I've gone through the story of the punic wars over and over again but this is the first I've heard the story from the carthaginian pov. Beyond that, the book gets into history you probably haven't heard about the carthaginians such as their Sicilian campaigns.

2 people found this helpful

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  • James M.
  • 20-02-2017

Excellent and Informative

Where does Carthage Must Be Destroyed rank among all the audiobooks you’ve listened to so far?

It's in my top twenty- I'm generally fond of historical books and this is in my top 5, in that particular category.

Was there a moment in the book that particularly moved you?

I found the early sections of the book to be most enjoyable, in spite of a popular consensus that they are "Dryer" than the rest- indeed, to an extent I found the earlier parts the most engaging of the entire work, because of how well the author explains the painstaking work that goes into reconstructing any bit of useful historical information about Qart-Hadasht.

2 people found this helpful

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  • Ryan Anderson
  • 02-07-2020

Great book read by a great choice

this want my favorite groover Gardner performance because of some pronunciation issues, but his voice is perfect for audio books overall.

I really like Richard Miles presentation of Carthage. it's honest and deep. so many authors of books like this fall in love with their subject and cannot be critical of the failings of cultures or leaders. Miles sticks to the facts and presents Carthage in a relatable, human way. His presentation of the culture and how it for into the greater Greek and Latin world was very insightful, showing them in the truest way we can see in light of the limited sources. Impressive authorship!

1 person found this helpful

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  • Ralph
  • 27-04-2020

Great account of the Mediterranean's "Other" City

As much as I have read about Roman history, I have only learned about Carthage while studying about Rome. Everything has been derived. Thus, Carthage was typically presented in almost a stereotypical manner, juxtaposed as the proverbial villain against Rome. Miles did a good job in distilling Carthaginian history, much of which was passed to us through Roman bias.

It is amazing to consider what Phoenicia and Carthage did through their exploration and establishing trade routes. Reading that they made it to the West coast of Africa, and probably up the French coast is not surprising. But to accomplish what they did given their technology and tools is remarkable.

Its tragic end was somewhat anti-climatic, although everything we have of it is through a Roman lens. And I don't think Miles fully grasped Scipio Corculum's opposition to the war. He presented this as a possible addition by later generations who had experienced the Roman Civil Wars that broke out after the fall of Carthage. But many Roman's understood their history and had seen what had happened previously when an up-and-coming civilization had supplanted its rival and arrived on the pinnacle with no rivals. Athens (Persian Empire) and Sparta (Athens) both suffered in a breakdown of their society's and then of their country after having bested their nemesis. The parallel with the US and the USSR is unmistakable.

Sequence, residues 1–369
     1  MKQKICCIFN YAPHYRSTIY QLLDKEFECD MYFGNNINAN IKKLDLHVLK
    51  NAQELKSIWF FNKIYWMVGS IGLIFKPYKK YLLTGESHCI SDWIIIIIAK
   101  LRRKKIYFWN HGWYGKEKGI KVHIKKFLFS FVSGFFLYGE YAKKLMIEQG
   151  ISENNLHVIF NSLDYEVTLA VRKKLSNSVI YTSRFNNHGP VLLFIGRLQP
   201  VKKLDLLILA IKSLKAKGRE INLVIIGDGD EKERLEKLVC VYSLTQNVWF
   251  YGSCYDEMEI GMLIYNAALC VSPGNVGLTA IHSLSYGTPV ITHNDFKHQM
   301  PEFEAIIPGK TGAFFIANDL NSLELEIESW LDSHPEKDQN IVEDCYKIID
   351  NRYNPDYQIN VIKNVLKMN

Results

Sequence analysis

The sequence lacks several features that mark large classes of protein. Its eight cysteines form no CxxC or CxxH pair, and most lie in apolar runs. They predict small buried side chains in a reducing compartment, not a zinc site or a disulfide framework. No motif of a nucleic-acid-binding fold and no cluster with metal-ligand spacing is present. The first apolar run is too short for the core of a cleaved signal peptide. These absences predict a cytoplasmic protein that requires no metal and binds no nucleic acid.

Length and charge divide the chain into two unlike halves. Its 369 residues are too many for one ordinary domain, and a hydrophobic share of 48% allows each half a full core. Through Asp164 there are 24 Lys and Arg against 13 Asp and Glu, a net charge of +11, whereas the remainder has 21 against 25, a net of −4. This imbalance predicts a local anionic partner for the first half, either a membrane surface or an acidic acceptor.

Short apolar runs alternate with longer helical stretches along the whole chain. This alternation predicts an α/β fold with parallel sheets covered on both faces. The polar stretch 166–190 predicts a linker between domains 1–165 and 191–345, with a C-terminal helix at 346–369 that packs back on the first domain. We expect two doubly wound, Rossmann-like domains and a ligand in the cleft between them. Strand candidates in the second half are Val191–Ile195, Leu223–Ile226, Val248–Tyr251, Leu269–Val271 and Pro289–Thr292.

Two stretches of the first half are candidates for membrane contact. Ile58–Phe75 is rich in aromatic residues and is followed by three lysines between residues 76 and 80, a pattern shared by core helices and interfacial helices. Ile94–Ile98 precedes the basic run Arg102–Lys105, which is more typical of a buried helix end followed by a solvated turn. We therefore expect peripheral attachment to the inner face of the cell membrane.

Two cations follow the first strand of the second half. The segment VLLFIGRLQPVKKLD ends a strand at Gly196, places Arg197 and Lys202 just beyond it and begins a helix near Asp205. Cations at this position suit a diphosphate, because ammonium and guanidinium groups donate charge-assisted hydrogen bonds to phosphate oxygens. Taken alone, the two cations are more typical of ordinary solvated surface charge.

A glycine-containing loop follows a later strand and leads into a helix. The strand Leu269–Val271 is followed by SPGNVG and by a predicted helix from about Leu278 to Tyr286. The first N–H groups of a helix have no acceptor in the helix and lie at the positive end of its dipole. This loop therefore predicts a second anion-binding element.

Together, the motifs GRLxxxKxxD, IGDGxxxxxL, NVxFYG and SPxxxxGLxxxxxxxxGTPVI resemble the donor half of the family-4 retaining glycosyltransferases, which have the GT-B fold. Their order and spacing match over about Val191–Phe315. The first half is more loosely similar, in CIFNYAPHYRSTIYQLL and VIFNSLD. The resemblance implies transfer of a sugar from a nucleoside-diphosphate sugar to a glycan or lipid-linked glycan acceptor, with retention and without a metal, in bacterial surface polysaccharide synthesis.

Great read and a great companion to Cline's 1177 B.C., both of which I recommend highly. - Hamilton of the Smokies

1 person found this helpful

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  • William
  • 02-09-2016

Complement to The Rise of Rome

Would you recommend this audiobook to a friend? If so, why?

Yes. You'll learn a lot about Carthage, Carthaginians, and Carthage's relationship to Rome.

Who was your favorite character and why?

Hannibal to learn about, but not to like.

What about Grover Gardner’s performance did you like?

His voice was clear with gravitas that kept your attention.

Did you have an extreme reaction to this book? Did it make you laugh or cry?

No.

1 person found this helpful

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  • D. Armstrong
  • 08-08-2015

Okay pop history, terrible narration

Carthage isn't a subject given a lot of attention outside of as an antagonist for Republican Rome, fair enough, but Miles delves deep into the background of one of the great cities of the Ancient Mediterranean. Indeed, much of the book only sets the scene for the Second Punic War, which seems to be the primary focus (or at least the subject given the most attention) rather than the events immediately surrounding the destruction of Carthage.
Like a lot of popular history books these days, it seems, Carthage Must Be Destroyed relies heavily on connecting various, and sometimes loosely, related topics to provide an overarching narrative that grasps for word count rather than content. Miles' work here is more reminiscent of an excellent, if overly ambitious, undergrad thesis (or an underwhelming graduate one) than a moderately serious work designed as anything other than selling units.